Third, if your kid does not know what an HBCU is, it is time your kid learned.  That is especially true if your family is African American–or Hispanic, because Hispanic enrollment at HBCUs has been increasing (as we have said in earlier episodes).  And while white students can and do also enroll at HBCUs, white students should also have an understanding of these historic institutions and their continuing important role in our nation’s social and cultural fabric.  We have heard too many anecdotes (including in this documentary) of black high school students who want to go to an HBCU only to have their friends ask them why in the world they would want to do that.  Early in the film, HBCUs are described as an “unapologetic black space.”  Late in the film, they are described as the place where “you’ll find something you won’t find anywhere else.”  That’s why.  No one could have said it better.

2.  Some Background

If you all thought that you were going to get away without hearing one more time about my favorite HBCU, Fisk University, you were wrong.  Oddly enough, in a PBS interview by Craig Phillips with the filmmakers, Mr. Williams said that they had written a segment, which they did not end up using, about the Fisk University Jubilee Singers.  The Jubilee Singers, organized in 1871, saved the University from closing in its early days by raising money on their concert tours, and they continue to tour today.  I love their story.  And, of course, there is Charles Spurgeon Johnson, the intellectual architect of the Harlem Renaissance, who served as Fisk’s first black president, and the Harlem Renaissance writers and artists, like Arna Bontemps, James Weldon Johnson, and Aaron Douglas, whom he brought to Fisk to work with him.  Well, Mr. Williams, I would love to have seen your segment on the Jubilee Singers, though I was interested in the segment you do have on Fisk.  And you all should be, too.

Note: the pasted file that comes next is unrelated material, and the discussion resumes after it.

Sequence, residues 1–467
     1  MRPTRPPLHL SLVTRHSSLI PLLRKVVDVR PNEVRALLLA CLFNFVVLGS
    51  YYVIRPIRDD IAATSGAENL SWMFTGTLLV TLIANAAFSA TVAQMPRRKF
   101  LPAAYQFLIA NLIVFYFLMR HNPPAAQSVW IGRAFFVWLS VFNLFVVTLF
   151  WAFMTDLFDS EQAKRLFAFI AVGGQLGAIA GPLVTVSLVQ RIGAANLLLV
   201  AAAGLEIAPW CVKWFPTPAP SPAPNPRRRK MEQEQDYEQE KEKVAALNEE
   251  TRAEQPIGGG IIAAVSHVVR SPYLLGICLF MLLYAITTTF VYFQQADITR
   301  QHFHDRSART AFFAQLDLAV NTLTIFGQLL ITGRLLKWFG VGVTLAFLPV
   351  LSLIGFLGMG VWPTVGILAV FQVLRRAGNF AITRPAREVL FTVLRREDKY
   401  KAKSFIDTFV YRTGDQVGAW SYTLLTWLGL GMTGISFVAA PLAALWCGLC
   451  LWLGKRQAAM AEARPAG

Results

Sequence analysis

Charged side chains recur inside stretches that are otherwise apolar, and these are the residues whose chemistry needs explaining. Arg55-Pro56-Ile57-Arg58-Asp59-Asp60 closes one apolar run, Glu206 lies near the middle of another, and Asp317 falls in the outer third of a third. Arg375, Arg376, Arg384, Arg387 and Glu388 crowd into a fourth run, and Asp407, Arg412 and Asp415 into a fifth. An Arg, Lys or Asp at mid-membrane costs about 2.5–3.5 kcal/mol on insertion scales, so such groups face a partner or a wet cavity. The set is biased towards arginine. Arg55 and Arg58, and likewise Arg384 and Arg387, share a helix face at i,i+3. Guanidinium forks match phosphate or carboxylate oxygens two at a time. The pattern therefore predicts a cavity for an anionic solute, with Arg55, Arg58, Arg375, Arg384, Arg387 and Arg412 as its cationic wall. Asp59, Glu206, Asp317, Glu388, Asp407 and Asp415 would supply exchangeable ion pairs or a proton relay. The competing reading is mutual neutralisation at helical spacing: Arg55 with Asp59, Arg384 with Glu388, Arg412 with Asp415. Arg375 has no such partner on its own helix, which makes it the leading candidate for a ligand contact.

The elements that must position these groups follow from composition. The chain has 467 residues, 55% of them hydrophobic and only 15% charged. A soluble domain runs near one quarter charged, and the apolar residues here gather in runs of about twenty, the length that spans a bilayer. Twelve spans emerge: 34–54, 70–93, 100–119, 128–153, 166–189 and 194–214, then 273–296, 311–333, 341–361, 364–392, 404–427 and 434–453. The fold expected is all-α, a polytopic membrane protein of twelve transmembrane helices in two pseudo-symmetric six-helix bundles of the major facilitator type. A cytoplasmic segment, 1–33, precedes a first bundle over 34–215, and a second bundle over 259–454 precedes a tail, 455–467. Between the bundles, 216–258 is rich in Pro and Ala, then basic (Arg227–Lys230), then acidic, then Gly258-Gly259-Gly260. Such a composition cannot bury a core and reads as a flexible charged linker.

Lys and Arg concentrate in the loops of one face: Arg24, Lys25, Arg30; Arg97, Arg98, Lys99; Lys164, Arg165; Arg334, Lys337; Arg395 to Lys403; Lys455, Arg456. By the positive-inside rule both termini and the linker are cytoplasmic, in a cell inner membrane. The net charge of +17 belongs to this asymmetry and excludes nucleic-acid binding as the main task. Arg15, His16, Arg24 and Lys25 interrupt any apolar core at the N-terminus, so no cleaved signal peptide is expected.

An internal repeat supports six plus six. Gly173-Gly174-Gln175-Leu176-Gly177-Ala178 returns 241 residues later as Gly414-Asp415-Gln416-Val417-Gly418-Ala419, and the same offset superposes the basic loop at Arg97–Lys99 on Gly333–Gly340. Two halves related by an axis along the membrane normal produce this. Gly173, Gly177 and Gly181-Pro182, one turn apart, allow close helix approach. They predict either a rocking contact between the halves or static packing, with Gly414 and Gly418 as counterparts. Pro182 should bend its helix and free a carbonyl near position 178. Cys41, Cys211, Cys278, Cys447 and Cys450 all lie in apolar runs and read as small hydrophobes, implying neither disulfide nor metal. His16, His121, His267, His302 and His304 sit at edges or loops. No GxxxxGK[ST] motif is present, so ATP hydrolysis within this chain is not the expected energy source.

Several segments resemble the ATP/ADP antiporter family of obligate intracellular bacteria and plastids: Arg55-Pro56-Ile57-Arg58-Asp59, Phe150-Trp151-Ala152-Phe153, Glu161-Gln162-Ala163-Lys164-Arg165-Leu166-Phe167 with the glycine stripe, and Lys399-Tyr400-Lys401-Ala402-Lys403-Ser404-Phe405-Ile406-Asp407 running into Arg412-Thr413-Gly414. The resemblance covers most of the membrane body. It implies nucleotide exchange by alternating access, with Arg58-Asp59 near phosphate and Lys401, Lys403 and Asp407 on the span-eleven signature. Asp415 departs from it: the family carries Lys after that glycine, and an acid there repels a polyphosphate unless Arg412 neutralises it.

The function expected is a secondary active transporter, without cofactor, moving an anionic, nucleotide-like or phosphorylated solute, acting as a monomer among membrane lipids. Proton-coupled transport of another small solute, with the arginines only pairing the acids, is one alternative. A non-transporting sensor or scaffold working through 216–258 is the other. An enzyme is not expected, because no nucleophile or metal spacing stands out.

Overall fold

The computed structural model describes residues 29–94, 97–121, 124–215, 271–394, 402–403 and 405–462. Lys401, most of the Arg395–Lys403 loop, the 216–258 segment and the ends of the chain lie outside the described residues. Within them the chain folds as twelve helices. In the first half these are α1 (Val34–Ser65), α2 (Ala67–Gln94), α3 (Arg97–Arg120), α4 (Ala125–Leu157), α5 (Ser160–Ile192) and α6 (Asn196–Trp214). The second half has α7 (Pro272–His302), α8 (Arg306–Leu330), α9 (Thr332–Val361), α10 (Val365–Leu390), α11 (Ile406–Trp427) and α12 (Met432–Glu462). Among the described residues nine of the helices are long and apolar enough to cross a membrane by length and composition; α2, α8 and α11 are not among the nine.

As we just said, today HBCUs enroll students who are not black–just as historically white colleges and universities (referred to as predominantly white institutions, or PWIs) now enroll students who are not white.  According to the National Center for Education Statistics, in 2015, students who were not black made up 22 percent of the enrollment at HBCUs.  That was up from 15 percent back in 1976.  And while the number of students enrolled at HBCUs rose by 32 percent in those years?which was good for them?total college enrollment rose by 81 percent in those same years.

Some observers say that it has become harder for HBCUs to recruit African-American students now that they have been welcome at both selective and nonselective colleges across the U.S.  That is undoubedly true to some degree.

Nonetheless, there is still a strong sense of community among the alumni/alumnae of HBCUs and a strong sense of tradition on HBCU campuses.  You can see that in the new documentary, for sure.  And there have been very recent and impressive spikes in HBCU applications, as we said back in Episode 100.  For some African-American students, the sense of community at HBCUs could be a good fit for what they are looking for in a college, and a shared culture could go a long way toward helping them feel comfortable on a college campus, especially if it is far from home.  Some observers say that Hispanic students often feel more comfortable in the family-like environment of many HBCUs, which could account, in part, for the increase in Hispanic enrollment.

And, parents, in case you are interested, lower-than-average tuition rates at both public and private HBCUs (sometimes literally half of the going rate at PWIs) are one more attractive feature.  Just go check out a few.  I think you will be surprised.

So, if you and your kid are tempted to investigate further after watching Tell Them We Are Rising, here are some HBCUs to consider (some you will probably know, and some you might not know):